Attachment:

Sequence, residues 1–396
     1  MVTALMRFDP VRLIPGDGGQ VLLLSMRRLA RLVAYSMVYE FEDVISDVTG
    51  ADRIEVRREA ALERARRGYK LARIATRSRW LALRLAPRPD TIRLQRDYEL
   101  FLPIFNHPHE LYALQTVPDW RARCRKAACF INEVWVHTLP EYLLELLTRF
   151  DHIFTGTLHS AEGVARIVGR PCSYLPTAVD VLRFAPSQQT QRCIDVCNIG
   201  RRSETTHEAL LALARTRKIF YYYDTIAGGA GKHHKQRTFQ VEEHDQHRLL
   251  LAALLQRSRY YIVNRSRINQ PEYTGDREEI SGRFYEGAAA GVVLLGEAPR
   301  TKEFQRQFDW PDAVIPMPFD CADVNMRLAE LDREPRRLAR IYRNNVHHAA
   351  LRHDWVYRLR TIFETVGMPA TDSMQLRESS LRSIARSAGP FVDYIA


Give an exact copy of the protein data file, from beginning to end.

Sequence, residues 1–396
     1  MVTALMRFDP VRLIPGDGGQ VLLLSMRRLA RLVAYSMVYE FEDVISDVTG
    51  ADRIEVRREA ALERARRGYK LARIATRSRW LALRLAPRPD TIRLQRDYEL
   101  FLPIFNHPHE LYALQTVPDW RARCRKAACF INEVWVHTLP EYLLELLTRF
   151  DHIFTGTLHS AEGVARIVGR PCSYLPTAVD VLRFAPSQQT QRCIDVCNIG
   201  RRSETTHEAL LALARTRKIF YYYDTIAGGA GKHHKQRTFQ VEEHDQHRLL
   251  LAALLQRSRY YIVNRSRINQ PEYTGDREEI SGRFYEGAAA GVVLLGEAPR
   301  TKEFQRQFDW PDAVIPMPFD CADVNMRLAE LDREPRRLAR IYRNNVHHAA
   351  LRHDWVYRLR TIFETVGMPA TDSMQLRESS LRSIARSAGP FVDYIA